There are 32 real estate agents servicing Mount Helena and surrounds. In 2014 they sold 39 properties. We have analysed all these Mount Helena agents and on request within 24 hours we will send you a free, up-to-date report on their performance, sales track record and what fees you should pay. View report contents
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Real Estate Agents Mount Helena – 2012/13 Performance
Mount Helena Real Estate Agents sold 39 houses over the last 12 months. On average these 39 Mount Helena houses took 126 days to sell and were sold at an average discount of -8% from their initial listing price.
The best Mount Helena Real Estate Agents sell properties considerably better than these average figures. We detail who these Mount Helena agents are in our free report.
Importantly it is the performance of the individual real estate agent rather than the agency used that matters. With over 32 agents operating in the Mundaring council area servicing the Mount Helena market and 12 agencies, vendors should only use those Mount Helena agents who routinely deliver superior results for their clients. This is crucial to maximise their chances of securing the best possible price for their Mount Helena property.
With total house price growth of 17% over the last five years Mount Helena agents have had a reasonably difficult market to contend with. Selling properties well in a slow market is much more difficult. Growth in Mount Helena houses over the last year has been below the five year annual growth rate, coming in at -3% (5yr average 3%).
Request your free report for the individual performance details of real estate agents in Mount Helena and the properties they have sold over the last couple of years.
With Mount Helena property transactions only occurring on average every 7 years, securing the best Mount Helena real estate agent to manage this infrequent transaction is crucial.
At the end of the day choosing the best Mount Helena real estate agent to sell your property can make years of difference to your personal financial situation.
Mount Helena is a rural suburb on the outskirts of Perth in Western Australia, some 35 km from the city, in the Shire of Mundaring. Its population in 2005 was approximately 2,400 people.
The suburb was known as Lion Mill until it was renamed Mount Helena in 1924. The chief instigators in the hunt for a new name were the local Progress Association whose first choice, "Hillcrest" had been rejected by the authorities because of a duplication in New South Wales. The next suggestion, "Mount Helena" was more successful, indicative of the terrain and because the suburb was situated centrally in the Helena District.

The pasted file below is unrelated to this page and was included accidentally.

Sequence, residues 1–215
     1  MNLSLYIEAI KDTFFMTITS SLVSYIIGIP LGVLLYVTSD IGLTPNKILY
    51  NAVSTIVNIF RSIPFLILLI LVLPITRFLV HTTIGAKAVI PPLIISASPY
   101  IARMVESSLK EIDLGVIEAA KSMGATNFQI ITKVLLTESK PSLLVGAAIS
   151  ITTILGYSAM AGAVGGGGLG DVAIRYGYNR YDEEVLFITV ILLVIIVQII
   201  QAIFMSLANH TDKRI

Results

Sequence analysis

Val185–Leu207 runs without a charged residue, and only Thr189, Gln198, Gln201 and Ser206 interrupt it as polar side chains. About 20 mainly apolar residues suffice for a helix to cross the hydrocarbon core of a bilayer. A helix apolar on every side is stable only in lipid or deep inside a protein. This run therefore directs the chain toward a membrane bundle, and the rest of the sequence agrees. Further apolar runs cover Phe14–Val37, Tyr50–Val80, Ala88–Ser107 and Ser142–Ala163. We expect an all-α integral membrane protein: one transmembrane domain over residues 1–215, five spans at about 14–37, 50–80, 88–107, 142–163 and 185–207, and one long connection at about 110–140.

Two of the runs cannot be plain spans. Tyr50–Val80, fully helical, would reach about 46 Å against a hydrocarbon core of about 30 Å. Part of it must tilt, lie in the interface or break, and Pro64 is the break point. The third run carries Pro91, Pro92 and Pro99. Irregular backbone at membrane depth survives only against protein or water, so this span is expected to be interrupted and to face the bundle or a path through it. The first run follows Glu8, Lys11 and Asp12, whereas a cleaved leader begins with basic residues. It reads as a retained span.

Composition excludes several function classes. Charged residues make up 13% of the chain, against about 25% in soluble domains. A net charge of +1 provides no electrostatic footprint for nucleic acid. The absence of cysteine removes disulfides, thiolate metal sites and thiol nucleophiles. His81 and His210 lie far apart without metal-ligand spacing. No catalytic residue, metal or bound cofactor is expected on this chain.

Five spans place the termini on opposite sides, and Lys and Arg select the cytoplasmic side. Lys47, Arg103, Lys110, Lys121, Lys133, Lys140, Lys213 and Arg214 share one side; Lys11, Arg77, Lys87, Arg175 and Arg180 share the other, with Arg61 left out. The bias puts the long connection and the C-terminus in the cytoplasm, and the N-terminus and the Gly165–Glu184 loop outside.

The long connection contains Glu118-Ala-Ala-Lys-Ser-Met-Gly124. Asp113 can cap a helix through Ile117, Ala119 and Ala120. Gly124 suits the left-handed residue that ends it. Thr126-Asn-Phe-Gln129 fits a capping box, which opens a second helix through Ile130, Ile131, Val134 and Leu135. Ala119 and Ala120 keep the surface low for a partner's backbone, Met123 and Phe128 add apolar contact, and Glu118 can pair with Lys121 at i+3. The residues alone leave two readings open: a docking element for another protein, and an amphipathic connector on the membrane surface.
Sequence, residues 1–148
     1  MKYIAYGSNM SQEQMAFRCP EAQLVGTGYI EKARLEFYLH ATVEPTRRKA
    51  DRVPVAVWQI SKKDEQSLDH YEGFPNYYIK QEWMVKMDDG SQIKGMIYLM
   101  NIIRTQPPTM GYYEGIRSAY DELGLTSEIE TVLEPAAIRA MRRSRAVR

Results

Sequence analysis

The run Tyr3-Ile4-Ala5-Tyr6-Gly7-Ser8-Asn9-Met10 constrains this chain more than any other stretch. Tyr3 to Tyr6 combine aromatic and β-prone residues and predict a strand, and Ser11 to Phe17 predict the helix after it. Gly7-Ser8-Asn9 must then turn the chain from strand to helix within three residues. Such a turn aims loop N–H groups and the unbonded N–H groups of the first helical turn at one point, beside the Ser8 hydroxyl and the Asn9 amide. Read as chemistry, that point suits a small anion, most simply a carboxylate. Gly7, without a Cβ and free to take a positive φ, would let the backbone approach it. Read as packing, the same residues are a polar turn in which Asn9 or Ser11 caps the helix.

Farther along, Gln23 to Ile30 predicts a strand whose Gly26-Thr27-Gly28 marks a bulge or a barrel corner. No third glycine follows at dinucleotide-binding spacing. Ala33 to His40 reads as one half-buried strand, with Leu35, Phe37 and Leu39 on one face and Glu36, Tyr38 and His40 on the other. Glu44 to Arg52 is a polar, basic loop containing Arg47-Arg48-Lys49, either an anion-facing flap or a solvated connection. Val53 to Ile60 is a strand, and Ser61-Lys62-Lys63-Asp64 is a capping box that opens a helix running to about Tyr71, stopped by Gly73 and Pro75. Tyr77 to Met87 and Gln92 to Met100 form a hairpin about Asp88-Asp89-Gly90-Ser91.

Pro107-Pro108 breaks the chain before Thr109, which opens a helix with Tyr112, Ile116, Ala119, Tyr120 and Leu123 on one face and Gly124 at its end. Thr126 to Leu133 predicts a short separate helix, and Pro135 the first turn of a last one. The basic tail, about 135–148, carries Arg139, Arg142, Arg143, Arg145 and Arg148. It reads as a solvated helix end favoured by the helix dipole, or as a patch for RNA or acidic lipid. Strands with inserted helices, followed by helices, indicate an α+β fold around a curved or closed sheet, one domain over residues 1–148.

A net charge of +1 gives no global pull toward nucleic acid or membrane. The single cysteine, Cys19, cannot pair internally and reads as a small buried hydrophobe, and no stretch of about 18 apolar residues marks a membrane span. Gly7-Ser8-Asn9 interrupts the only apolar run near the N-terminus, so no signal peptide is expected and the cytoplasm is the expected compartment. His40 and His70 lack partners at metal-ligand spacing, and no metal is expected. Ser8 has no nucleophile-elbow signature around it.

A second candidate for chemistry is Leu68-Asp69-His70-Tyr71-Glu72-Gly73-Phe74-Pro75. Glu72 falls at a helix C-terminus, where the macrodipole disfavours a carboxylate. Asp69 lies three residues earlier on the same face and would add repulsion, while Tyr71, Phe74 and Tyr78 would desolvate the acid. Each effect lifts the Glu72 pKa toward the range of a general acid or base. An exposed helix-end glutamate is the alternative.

The area is hilly and largely covered by bushland, left to naturally re-vegetate since it was milled for building timber and railway sleepers. The township now has many new homes and the bush is now retreating as a consequence. The old railway line embankments for the 2nd Perth to Goldfields railway alignment(made of mainly sand) can still be seen in the town, but the old railway station site has been bulldozed for a new road alignment. The current alignment of the road cuts through the area where the goods shed and eastern end of the platform once stood. The house just to the southwest of the intersection of Sayers Rd and Johnston St is the old station masters house, and is itself a re-purposed wood mill barracks building. An older 1st Goldfields railway alignment embankment has been removed entirely, however it was located where 'Pioneer Park' now stands and ran roughly north east, starting approx 50 metres south of the south eastern end of the Mt Helena hotel. The first railway alignment was used for a line that ran from Sawyers Valley, across the main town ship valley, and into a cutting before running parallel to, and about 100metres south of, Keane St. Both of these old railway alignments meet near the Primary School. The old railway cutting running roughly north/south and approx 100metres to the south of the hotel was made by the wood mill company, the railway alignment further west of this cutting was the old Sawyers valley - Mount Helena - Chidlows Well part of the first Goldfields railway line. The Stoneville - Mount Helena - Chidlows railway line was part of the second Goldfields railway alignment. The timber mill was located where the current football fields are located. Remnants of a railway alignment once ran just to the west of the oval and ran north/south down to Keane St before it disappeared. Bauxite was mined from the area just south of the township on either side of Sawyers Rd(Approx 1972-1976 time period). The land was rehabilitated but the scars are still easily discernible. There are 10-20acre farmable dells in the area with milking cattle being the main use. Most of the rest of the land is a hard clay and round pebbles known locally as 'gravel'. Under this shallow gravel layer is a hard granite layer that is the base rock of the hills district. The Goldfields water supply pipeline runs in a sweeping curve just to the south east of the township centre and from there basically runs between the two old Mount Helena - Chidlows railway alignments up to the Primary School, from where it runs parallel to the railway alignment and Elliott Road up to the first pumping station of the Goldfields Water Supply system.
Mount Helena boasts several active community and sporting groups, including the Mount Helena Voluntary Bush Fire Brigade, a group of volunteers who tackle bush and house fires in the area.
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